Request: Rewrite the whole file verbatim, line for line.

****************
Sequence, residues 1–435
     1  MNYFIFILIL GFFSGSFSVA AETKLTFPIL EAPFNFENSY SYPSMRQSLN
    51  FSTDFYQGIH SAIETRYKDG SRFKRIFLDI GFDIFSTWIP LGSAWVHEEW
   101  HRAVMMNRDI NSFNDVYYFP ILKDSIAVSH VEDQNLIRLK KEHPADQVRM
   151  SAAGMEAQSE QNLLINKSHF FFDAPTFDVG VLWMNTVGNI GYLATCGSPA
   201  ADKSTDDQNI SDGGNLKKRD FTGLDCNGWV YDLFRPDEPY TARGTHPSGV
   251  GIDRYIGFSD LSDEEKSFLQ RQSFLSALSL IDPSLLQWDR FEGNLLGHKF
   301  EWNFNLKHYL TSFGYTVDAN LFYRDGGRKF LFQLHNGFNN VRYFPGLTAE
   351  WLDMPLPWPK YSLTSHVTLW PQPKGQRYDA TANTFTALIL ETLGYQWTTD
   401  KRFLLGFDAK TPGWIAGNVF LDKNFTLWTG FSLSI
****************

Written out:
Sequence, residues 1–435
     1  MNYFIFILIL GFFSGSFSVA AETKLTFPIL EAPFNFENSY SYPSMRQSLN
    51  FSTDFYQGIH SAIETRYKDG SRFKRIFLDI GFDIFSTWIP LGSAWVHEEW
   101  HRAVMMNRDI NSFNDVYYFP ILKDSIAVSH VEDQNLIRLK KEHPADQVRM
   151  SAAGMEAQSE QNLLINKSHF FFDAPTFDVG VLWMNTVGNI GYLATCGSPA
   201  ADKSTDDQNI SDGGNLKKRD FTGLDCNGWV YDLFRPDEPY TARGTHPSGV
   251  GIDRYIGFSD LSDEEKSFLQ RQSFLSALSL IDPSLLQWDR FEGNLLGHKF
   301  EWNFNLKHYL TSFGYTVDAN LFYRDGGRKF LFQLHNGFNN VRYFPGLTAE
   351  WLDMPLPWPK YSLTSHVTLW PQPKGQRYDA TANTFTALIL ETLGYQWTTD
   401  KRFLLGFDAK TPGWIAGNVF LDKNFTLWTG FSLSI